As Democrats and Republicans feud over the funding of Obamacare, a widely published PolitiFact article claims it is a “myth” that President Obama’s health-care law contains rationing and “death panels.”
However, a WND review of the legislation found largely unreported sections with evidence of both health-care rationing and so-called death panels.
The health-care law further contains language that raises some concern for preferential treatment based on race, ethnicity and so-called life preferences.
The Pulitzer Prize winning PolitiFact this week published a piece titled “The top 16 myths about Obamacare.”
One “myth” the group claims to debunk is that the health-care law “rations care like systems in Canada and Great Britain.” PolitiFact said it “has rated this claim and others like it False.”
Another myth PolitiFact purports to disprove is the widely held belief the health-care law has “death panels.”
“We rated the ‘death panels’ claim Pants on Fire,” concluded PolitiFact.
However, the legislation evidences both health-care rationing and possible death panels.
The Patient Protection and Affordable Care Act, commonly called Obamacare, calls for the establishment of a Patient-Centered Outcomes Research Institute.
The new institute’s purpose is to carry out “comparative clinical effectiveness research,” which is defined in the law as evaluating and comparing “health outcomes” and “clinical effectiveness, risks and benefits” of two or more medical treatments or services.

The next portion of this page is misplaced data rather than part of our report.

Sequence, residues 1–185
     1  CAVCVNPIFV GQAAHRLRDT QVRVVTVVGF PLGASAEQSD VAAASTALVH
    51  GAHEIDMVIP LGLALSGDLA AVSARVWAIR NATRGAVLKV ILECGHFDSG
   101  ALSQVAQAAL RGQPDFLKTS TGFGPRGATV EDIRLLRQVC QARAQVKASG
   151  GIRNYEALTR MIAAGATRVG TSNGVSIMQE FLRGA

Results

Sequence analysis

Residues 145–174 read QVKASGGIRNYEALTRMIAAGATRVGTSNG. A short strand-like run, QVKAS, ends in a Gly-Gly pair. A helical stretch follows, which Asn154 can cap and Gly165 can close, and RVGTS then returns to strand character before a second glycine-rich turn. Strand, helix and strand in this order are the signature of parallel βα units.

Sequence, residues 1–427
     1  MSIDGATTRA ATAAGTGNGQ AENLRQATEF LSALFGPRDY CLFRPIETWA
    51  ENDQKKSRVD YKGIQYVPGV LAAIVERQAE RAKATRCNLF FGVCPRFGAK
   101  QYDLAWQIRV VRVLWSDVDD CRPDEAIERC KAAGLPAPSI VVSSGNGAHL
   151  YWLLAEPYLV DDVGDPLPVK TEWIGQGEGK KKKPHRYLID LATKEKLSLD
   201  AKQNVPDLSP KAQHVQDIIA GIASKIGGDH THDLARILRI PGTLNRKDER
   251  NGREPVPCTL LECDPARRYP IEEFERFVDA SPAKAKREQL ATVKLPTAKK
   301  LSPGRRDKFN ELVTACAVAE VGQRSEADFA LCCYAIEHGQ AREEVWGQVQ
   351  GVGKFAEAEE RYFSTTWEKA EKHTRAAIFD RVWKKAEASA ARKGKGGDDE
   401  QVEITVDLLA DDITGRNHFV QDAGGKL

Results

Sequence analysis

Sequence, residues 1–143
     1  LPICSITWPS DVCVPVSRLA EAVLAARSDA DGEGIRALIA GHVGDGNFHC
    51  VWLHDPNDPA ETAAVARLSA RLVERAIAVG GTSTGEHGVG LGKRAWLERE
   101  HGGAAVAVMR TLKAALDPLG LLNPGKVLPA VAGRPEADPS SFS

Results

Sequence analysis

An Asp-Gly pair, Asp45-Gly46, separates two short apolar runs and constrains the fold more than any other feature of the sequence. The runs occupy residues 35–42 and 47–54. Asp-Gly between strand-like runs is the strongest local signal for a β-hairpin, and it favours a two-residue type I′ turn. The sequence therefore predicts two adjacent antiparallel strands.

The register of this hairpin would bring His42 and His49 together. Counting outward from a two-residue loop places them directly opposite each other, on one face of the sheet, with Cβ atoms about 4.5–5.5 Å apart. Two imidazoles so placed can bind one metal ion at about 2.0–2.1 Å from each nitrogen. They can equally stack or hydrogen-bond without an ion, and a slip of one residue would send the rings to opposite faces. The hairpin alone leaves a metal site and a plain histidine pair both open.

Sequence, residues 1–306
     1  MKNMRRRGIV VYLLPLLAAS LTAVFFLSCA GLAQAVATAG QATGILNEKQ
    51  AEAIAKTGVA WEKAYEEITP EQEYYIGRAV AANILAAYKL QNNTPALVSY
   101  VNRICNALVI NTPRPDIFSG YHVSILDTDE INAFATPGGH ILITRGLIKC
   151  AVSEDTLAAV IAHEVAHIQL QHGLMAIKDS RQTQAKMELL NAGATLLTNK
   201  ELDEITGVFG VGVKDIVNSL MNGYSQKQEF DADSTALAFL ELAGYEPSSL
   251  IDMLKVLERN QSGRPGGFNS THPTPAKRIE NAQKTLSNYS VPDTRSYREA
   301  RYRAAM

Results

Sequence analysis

The purpose of the research is purportedly for the government to determine which treatments work best so that money is not spent on less effective treatments.
Such research was already previously allotted $1.1 billion in Obama’s 2009 “stimulus” package. That legislation first created a Federal Coordinating Council for Comparative Effectiveness Research.
Obamacare allots about $3.8 billion in additional funding for effectiveness research, with the establishment of the new Patient-Centered Outcomes Research Institute.
The institute is to be governed by a “board” to assist in identifying research priorities and establishing the research project agenda.
Also weighing in will be an “expert advisory panel” of practicing and research clinicians, patients and experts in scientific and health services research and health services delivery.
A section of Obamacare makes clear the secretary of health and human services may not use research data from the new institute in a manner that treats the life of an elderly, disabled or terminally ill individual as lower in value than that of an individual who is younger, non-disabled or not terminally ill.
However, the dictate comes with a qualifier some many find concerning.
As WND first revealed, a Obamacare contains largely unreported text that allows the health secretary to limit any “alternative treatments” of the elderly, disabled or terminally ill if such treatments are not recommended by the new research institute.
Reads that qualifier:
Paragraph (1) shall not be construed as preventing the Secretary from using evidence or findings from such comparative clinical effectiveness research in determining coverage, reimbursement, or incentive programs under title XVIII based upon a comparison of the difference in the effectiveness of alternative treatments in extending an individual’s life due to the individual’s age, disability, or terminal illness.